Abstract

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Highly restitic garnet-kyanite-phlogopite metapelitic schists from the Goshen Dome of western Massachusetts contain: a population of prograde monocrystalline, megacrystic garnet, some with significant P in substitution for Si; precipitates of hydroxylapatite and rutile; and <1 μm zircon crystals of undetermined origin and abundance on the order of 105/mm3. The unusual P content and the abundant internal precipitate suite are similar to features reported in garnet from ultrahigh-pressure (UHP) and mantle settings, suggesting a potential (U)HP origin for the garnet megacrysts. Zircon included in megacrysts is surrounded by radial fractures, indicating in situ volumetric expansion or new growth. Cores display rare earth element (REE) profiles and cathodoluminescence (CL) zoning consistent with magmatic growth, and yield only Paleozoic dates (447–404 Ma). The embayed core-rim boundary is marked by a several micrometers wide band of CL-dark zircon enriched in Y, P, U, and Th that is interpreted as the accumulation of redistributed xenotime component from the original zircon rim during metamorphism. Outside of this band, the rim has elevated Hf, Th/U ≪ 1, and steep heavy REE profiles. The metamorphic rims yield concordant dates from 400 to 381 Ma. Matrix zircon grains have magmatic cores (1726–415 Ma) with similar core–rim boundaries enriched in Y, P, U, and Th. Metamorphic rims on matrix zircon yield slightly younger dates (393–365 Ma) and are compositionally heterogeneous.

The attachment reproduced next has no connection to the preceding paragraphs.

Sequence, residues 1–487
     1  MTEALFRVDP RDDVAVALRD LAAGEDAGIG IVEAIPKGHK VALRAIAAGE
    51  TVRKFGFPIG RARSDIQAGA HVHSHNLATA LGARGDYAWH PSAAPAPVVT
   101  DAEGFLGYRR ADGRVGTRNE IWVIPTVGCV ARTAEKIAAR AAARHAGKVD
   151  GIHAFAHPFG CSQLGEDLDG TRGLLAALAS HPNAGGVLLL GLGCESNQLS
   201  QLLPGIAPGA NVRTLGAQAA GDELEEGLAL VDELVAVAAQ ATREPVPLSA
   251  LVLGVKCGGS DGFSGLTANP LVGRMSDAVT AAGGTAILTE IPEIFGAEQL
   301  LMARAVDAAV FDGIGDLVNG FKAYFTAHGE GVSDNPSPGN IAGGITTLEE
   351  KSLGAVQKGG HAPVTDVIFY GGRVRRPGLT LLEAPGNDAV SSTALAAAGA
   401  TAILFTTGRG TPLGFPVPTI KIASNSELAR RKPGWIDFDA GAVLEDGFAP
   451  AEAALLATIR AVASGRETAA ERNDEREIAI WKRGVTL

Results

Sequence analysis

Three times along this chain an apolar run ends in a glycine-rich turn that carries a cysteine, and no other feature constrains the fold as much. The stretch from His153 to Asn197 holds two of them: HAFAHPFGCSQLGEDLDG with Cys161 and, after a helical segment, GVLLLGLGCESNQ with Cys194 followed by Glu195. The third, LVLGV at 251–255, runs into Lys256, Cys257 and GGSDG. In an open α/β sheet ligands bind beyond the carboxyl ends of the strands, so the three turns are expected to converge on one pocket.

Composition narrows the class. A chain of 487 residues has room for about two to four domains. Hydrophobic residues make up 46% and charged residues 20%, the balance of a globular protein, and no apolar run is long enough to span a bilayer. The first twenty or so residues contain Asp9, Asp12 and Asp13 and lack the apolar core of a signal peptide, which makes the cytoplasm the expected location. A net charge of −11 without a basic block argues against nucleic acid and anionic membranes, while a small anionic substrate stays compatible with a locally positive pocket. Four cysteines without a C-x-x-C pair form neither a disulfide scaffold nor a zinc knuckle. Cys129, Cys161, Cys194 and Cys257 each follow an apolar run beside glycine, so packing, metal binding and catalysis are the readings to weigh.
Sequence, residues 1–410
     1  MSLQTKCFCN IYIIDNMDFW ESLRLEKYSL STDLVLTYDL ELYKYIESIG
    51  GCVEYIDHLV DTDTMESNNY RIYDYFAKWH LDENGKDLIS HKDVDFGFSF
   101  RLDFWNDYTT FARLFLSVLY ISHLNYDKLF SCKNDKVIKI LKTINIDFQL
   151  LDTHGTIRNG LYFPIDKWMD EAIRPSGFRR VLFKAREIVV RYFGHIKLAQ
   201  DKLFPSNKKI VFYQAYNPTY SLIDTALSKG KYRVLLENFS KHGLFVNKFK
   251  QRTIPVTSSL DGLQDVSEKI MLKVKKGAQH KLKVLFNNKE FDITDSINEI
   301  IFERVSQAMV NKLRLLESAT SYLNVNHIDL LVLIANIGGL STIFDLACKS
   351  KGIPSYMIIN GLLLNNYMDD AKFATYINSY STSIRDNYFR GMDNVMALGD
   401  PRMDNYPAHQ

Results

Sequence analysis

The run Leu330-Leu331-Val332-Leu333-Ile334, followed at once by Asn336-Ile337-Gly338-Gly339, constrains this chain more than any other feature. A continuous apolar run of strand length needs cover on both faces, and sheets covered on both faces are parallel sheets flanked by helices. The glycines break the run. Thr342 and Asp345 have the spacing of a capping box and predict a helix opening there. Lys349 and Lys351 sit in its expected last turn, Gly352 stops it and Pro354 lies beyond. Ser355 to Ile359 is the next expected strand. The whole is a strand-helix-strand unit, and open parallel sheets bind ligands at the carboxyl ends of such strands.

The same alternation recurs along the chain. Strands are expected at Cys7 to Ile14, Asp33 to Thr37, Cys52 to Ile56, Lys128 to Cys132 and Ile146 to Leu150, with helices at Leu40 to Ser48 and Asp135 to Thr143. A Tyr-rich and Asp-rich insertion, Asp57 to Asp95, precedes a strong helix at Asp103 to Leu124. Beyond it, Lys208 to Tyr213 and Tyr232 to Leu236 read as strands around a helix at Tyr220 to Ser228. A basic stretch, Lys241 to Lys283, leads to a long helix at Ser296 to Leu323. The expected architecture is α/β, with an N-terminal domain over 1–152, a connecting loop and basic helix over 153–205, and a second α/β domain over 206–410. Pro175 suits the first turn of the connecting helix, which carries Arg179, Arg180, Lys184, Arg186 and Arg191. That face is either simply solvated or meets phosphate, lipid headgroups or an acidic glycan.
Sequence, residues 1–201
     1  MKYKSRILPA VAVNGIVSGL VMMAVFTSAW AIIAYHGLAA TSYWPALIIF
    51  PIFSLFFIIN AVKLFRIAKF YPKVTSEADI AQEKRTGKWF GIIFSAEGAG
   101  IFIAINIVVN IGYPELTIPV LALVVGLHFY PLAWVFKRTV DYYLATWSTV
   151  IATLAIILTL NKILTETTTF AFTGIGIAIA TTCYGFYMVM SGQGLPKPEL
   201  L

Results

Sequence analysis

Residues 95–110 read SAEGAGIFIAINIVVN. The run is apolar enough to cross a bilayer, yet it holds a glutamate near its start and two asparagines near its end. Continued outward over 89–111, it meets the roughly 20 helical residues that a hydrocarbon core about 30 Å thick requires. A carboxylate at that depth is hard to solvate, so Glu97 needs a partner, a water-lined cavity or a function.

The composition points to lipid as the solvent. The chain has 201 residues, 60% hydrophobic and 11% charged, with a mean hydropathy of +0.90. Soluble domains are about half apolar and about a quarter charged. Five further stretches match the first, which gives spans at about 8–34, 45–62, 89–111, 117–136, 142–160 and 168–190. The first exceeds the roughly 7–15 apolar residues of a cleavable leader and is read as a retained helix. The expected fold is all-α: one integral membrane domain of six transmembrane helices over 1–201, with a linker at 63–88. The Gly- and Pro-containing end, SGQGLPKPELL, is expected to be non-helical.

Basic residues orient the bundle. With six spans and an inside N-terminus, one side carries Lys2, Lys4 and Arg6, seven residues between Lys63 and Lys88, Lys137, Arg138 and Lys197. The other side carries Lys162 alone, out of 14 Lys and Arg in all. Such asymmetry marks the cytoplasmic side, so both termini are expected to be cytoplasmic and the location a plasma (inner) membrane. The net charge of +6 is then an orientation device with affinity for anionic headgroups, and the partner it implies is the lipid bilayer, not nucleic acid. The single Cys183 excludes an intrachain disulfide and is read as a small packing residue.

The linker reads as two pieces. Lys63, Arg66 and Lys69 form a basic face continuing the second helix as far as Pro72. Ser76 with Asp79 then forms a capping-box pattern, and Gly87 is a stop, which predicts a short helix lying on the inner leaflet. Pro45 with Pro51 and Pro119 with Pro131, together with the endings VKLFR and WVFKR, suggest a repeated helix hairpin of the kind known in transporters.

The difference between the youngest core and oldest rim indicates a short interval (ca. 4 Ma) between deposition of detrital zircon and the onset of metamorphism in the earliest Acadian. The oldest zircon rim dates are found within phosphatic garnet megacrysts of possible very high-pressure origin. The compositional uniformity of these rims indicates equilibrium with a single source; the anomalous composition suggests a combination of dissolution-reprecipitation and new growth of zircon that is derived from garnet. The range in both composition and dates indicates that matrix zircon rims formed in response to local changes in mineralogy and fluid/melt composition and/or availability. New growth of zircon on these grains cannot be confirmed, suggesting that dissolution-reprecipitation reactions during continued metamorphism may be the dominant mechanism that formed these rims. The data collectively suggest that dissolution-reprecipitation may be a common mechanism for producing metamorphic rims on zircon that does not require additional Zr and Hf, which are limited within most metamorphic settings.

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